power truck with worker accessing damageTwo hurricanes, Irma and Maria, have devastated the Caribbean in quick succession, causing an unprecedented amount of damage.

Because the storms traveled so closely together, the teams we had deployed and were already on the ground in response to Irma had to shelter in place during Maria, choosing their shelter-in-place locations wisely.

Now that the storms have passed, the response and recovery can begin.

Federal agencies have come together to provide a variety of resources for impacted communities.

Nearly 7,000 federal employees are on the ground in Puerto Rico and the U.S. Virgin Islands to support the governors’ response efforts. These employees come from a variety of agencies, including our own, and have brought a wealth of resources with them.

We’ve been working closely with our partners over at the Department of Energy to coordinate power restoration efforts, including mutual aid and transportation for additional crews to support ongoing damage assessments. The Army Corps of Engineers has helped supply several generators to St. Thomas as well as Puerto Rico, with more on the way. They, as well as other supporting agencies, have worked to support temporary power in affected areas.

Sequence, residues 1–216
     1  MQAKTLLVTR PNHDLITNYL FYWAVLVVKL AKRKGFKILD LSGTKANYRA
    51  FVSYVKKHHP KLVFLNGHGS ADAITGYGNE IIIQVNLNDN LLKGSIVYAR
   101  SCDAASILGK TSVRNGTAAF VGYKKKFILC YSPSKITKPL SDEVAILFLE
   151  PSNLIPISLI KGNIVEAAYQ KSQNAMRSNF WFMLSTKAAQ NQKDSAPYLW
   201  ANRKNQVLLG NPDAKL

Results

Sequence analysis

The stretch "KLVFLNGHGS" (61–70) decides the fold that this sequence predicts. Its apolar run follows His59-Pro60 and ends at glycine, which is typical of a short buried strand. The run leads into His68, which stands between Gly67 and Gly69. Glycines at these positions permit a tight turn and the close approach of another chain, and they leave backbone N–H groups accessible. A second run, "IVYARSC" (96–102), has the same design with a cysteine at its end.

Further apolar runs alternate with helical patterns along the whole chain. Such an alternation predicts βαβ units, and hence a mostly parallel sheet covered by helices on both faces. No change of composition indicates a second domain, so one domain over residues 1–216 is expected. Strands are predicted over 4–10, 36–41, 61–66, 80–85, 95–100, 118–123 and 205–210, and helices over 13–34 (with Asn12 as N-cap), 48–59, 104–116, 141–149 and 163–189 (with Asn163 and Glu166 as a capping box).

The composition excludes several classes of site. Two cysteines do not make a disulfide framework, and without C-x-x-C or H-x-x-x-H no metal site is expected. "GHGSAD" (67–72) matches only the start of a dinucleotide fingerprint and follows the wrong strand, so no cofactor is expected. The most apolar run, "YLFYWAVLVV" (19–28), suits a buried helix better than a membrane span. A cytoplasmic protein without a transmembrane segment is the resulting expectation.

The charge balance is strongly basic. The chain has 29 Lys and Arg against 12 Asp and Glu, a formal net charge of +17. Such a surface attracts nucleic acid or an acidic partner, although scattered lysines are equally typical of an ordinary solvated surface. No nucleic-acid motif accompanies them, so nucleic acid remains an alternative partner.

Additionally, a disaster medical assistance team from the Department of Health and Human Services is currently working to supplement the hard-working doctors and nurses on the islands. Four more of these teams will join them.

The Department of Transportation has opened several airports in the area to military and relief flights to help assistance get where it’s most needed as quickly as possible.

For the FEMA response, in addition to the employees we’ve deployed, we sent our urban search and rescue teams to Puerto Rico and the U.S. Virgin Islands, with more teams on their way. Additional commodities—including food, water, generators, and cots—are en route. Two mobile emergency response support teams are in the U.S. Virgin Islands supporting communications needs and more staff are on the way to provide additional telecommunications and logistics support.

Recovery itself is not a linear process. This recovery will pose some unique challenges that we are prepared to face head on.

Our support for the islands hasn’t wavered—from when they were first hit by Irma, when Jose threatened, and now after Maria has swept straight through—we have been there. These Caribbean islands, while separated from the continental United States by miles of Atlantic Ocean, are still part of the United States. Our support to the U.S. Virgin Islands and Puerto Rico is just as strong as our support to any of the continental states—after all, we take care of our own.